More on What We're In For
Tri-Rail, the commuter rail line which parallels I-95 through most of South Florida, is the transit start most like Austin's proposed commuter rail line, for good and ill. Read the archives for the whole story, but here's the short version: It was cheap to get started (used existing track), just like ours will be; it doesn't go near any downtown areas, just like ours won't; and it relies exclusively on shuttle buses for passenger distribution, just like ours will. Since then, a hugely expensive double-tracking project has nearly finished without any corresponding improvement in ridership. (The double-tracking has proceeded in phases; portions complete are already in use with their corresponding speed/reliability improvements).
My own observations from my trip home follow the excerpts and comments from this article in the Boca Raton News which appeared recently.
Critics, who suggest that Tri-Rail should be shot and put out of its financial misery, grudgingly admit that railroads are closely linked with the stateï¿½s continued development and growth. Resigned to Tri-Railï¿½s financial reality, but resolute about its future, Palm Beach County Commissioner Jeff Koons admitted Tri-Rail ï¿½will never, never, ever pay for itselfï¿½ operationally. He nodded when asked if this will mean millions upon millions annually in continued local, state and federal subsidy. He continued to nod slowly when told that critics are outraged that itï¿½s costing taxpayers about $46,000 each and every day so that about 9,000 persons per day on average can ride the South Florida Regional Transportation Authority (SFRTA) commuter rail service.
That kind of talk ignores the reality that automobile commuters are incredibly subsidized too, but it bears repeating that Tri-Rail's economic performance is far worse than most light-rail starts in this country. So you can't get rid of transit subsidies, but you CAN do a hell of a lot better than that.
And note "9,000 people per day". After 15 years. On a line much much longer than the one proposed for Austin.
Luksha is among the many South Floridians who derisively note that not a single Tri-Rail train goes through a single ï¿½downtownï¿½, and only indirect services via, bus, taxi or Metrorail will get you to the regionï¿½s airports after getting off Tri-Rail.
Yup, just like Austin (nearly zero downtown workers work within the typically considered 1/4 mile walking distance of the station at the Convention Center, so don't even try me).
Koons sighs: ï¿½Itï¿½s tough trying to promote a railroad in the middle of I-95 construction.ï¿½
No, it's not. It should be even easier to get people to take grade-separated transit when the highway option gets worse. It's not, because the grade-separated transit option in this case has the fatal flaw of relying on shuttle buses to get people where they actually need to go.
ï¿½Weï¿½re too suburban,ï¿½ according to Palm Beach County Commissioner Mary McCarty, who says Tri-Railï¿½s financial health in fact may depend on whether SFRTA can negotiate an agreement with Florida East Coast Railroad (FEC) for use of the FEC line that wanders through most of Floridaï¿½s urban areas. Without a FEC/TRI-Rail alliance, McCarty sees the need for continued subsidy because of the ï¿½inherent fear of feeder bus reliability.ï¿½ The buses ï¿½are often late,ï¿½ she explained.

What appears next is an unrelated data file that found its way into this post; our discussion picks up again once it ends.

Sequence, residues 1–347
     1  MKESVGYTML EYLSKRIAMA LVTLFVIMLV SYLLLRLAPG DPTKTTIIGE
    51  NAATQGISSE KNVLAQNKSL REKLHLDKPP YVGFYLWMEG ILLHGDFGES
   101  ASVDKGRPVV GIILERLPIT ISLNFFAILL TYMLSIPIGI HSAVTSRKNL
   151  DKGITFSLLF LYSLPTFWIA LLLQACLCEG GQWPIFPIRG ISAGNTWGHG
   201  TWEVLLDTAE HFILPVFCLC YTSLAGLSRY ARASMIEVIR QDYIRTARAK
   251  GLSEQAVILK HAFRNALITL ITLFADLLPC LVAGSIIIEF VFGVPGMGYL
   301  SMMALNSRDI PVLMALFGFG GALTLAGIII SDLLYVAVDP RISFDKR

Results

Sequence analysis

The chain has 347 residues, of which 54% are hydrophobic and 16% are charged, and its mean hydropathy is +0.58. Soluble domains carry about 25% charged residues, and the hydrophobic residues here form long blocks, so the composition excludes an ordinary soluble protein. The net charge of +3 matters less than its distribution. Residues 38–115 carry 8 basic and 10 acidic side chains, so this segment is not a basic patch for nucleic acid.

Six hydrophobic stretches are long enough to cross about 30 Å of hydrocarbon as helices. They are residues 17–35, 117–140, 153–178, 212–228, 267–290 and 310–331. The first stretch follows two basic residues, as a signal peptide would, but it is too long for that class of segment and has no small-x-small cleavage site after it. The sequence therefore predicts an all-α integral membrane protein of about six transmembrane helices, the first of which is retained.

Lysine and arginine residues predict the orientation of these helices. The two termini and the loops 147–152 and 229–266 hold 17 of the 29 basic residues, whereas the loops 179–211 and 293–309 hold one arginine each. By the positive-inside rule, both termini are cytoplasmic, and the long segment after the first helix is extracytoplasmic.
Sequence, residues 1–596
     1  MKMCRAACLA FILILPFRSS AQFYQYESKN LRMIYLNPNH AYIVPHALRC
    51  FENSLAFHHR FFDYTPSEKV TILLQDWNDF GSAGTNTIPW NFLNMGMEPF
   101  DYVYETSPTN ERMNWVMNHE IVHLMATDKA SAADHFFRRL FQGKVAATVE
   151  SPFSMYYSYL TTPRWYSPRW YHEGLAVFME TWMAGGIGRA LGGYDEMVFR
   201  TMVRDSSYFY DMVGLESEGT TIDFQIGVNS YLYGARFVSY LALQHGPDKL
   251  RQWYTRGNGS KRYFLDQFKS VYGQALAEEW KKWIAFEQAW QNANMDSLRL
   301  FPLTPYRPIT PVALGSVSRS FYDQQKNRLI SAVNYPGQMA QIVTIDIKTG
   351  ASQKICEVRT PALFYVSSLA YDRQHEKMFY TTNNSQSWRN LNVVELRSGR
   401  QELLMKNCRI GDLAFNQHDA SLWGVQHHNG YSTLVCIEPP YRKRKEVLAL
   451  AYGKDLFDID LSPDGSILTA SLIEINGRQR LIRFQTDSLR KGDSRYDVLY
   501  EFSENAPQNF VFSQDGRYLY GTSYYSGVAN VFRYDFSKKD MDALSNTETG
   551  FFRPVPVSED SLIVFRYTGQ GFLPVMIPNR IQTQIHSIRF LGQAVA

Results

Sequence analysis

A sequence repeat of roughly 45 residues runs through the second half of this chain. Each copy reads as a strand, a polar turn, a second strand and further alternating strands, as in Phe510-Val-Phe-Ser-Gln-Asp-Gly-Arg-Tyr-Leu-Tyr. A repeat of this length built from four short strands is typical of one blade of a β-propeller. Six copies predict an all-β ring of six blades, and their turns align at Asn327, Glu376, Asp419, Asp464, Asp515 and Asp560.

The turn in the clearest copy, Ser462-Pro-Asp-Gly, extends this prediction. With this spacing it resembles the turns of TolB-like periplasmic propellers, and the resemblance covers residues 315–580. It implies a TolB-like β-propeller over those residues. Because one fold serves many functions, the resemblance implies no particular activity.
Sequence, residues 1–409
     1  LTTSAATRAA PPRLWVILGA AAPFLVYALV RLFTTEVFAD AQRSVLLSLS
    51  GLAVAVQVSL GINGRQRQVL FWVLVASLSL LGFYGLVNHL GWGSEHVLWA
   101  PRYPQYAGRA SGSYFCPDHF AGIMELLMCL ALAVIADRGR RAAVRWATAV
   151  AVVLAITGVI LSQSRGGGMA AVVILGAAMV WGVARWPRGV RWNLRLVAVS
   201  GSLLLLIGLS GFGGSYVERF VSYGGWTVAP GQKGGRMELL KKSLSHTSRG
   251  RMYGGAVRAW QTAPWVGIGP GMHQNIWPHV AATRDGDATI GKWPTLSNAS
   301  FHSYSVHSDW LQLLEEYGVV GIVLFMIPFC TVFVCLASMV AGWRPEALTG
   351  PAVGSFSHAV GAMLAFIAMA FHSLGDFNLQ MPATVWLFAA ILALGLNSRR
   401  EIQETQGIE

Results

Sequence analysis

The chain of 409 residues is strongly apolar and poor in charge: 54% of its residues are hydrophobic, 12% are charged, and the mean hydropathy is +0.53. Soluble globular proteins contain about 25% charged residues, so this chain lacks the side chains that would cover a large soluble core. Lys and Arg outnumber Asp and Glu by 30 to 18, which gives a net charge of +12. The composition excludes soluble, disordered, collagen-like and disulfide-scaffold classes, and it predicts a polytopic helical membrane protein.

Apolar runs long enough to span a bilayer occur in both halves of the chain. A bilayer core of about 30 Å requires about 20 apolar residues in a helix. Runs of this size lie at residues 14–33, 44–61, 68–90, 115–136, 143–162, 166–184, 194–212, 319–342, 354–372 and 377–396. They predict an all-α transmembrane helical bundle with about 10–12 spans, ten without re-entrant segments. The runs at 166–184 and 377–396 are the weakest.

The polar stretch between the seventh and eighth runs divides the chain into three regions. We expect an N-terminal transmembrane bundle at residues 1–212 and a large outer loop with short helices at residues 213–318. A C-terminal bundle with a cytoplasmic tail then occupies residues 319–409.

The FEC railroad runs right through all of the major downtowns in the area -- meaning riders of a service there could actually walk from the train station to work.
They've learned from painful experience what we're going to learn because we fell for Mike Krusee and Fred Gilliam''s snow-job.
Now for my observations:
I saw half a dozen Tri-Rail trains (while driving on I-95). All were emptier than Capital Metro's worst bus routes. I got to see the line from Boynton Beach down to I-595 (Fort Lauderdale), and did not see one lick of transit-oriented development anywhere -- the same low-density warehouse sprawl that used to be around the line is still around the line.
A brand new station is under construction (nearly done) in Boca Raton on the old IBM property (where I used to work). This old IBM site was purchased by a company which has subleased to a ton of smaller firms about 5 years ago. The property is also currently full of new construction which seems mostly to be retail uses -- interestingly enough, they are oriented as far away from the rail line as feasible -- i.e. they do not view proximity to the train station as even slightly desirable. (And the existing offices in the old IBM buildings are a good hike from the train station - especially given South Florida's weather most of the year). This station's location was chosen after about five years of failed work trying to get a station built farther south as part of a new transit-oriented development.
Lesson: You don't get transit-oriented development around a failed rail line. Meaning: the developer contemplating building a project which will incur more cost and potentially less access for motorists is going to want to see people riding the train now who fit their economic profile - i.e. people who can afford cars, but are choosing to ride the train; not the people who ride the train because they have no other choice.
This does not bode well for the Capital Metro backers who think that transit-oriented development can make up for the poor routing of our own starter line.